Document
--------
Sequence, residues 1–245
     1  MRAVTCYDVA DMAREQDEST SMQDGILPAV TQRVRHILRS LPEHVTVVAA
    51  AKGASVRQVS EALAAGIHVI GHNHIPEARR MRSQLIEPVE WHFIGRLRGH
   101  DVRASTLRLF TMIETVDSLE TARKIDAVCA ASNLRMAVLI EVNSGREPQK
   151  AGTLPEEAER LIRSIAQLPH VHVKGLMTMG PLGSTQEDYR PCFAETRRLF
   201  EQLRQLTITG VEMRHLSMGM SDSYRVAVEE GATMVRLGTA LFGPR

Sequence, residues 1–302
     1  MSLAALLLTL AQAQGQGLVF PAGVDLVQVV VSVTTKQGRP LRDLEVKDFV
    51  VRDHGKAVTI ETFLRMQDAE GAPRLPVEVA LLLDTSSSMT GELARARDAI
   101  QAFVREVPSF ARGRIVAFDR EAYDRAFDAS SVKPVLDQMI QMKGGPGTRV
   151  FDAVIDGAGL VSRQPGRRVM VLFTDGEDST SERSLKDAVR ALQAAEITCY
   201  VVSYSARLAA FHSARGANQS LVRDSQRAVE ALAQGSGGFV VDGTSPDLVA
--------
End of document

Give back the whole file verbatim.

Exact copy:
Sequence, residues 1–245
     1  MRAVTCYDVA DMAREQDEST SMQDGILPAV TQRVRHILRS LPEHVTVVAA
    51  AKGASVRQVS EALAAGIHVI GHNHIPEARR MRSQLIEPVE WHFIGRLRGH
   101  DVRASTLRLF TMIETVDSLE TARKIDAVCA ASNLRMAVLI EVNSGREPQK
   151  AGTLPEEAER LIRSIAQLPH VHVKGLMTMG PLGSTQEDYR PCFAETRRLF
   201  EQLRQLTITG VEMRHLSMGM SDSYRVAVEE GATMVRLGTA LFGPR

Sequence, residues 1–302
     1  MSLAALLLTL AQAQGQGLVF PAGVDLVQVV VSVTTKQGRP LRDLEVKDFV
    51  VRDHGKAVTI ETFLRMQDAE GAPRLPVEVA LLLDTSSSMT GELARARDAI
   101  QAFVREVPSF ARGRIVAFDR EAYDRAFDAS SVKPVLDQMI QMKGGPGTRV
   151  FDAVIDGAGL VSRQPGRRVM VLFTDGEDST SERSLKDAVR ALQAAEITCY
   201  VVSYSARLAA FHSARGANQS LVRDSQRAVE ALAQGSGGFV VDGTSPDLVA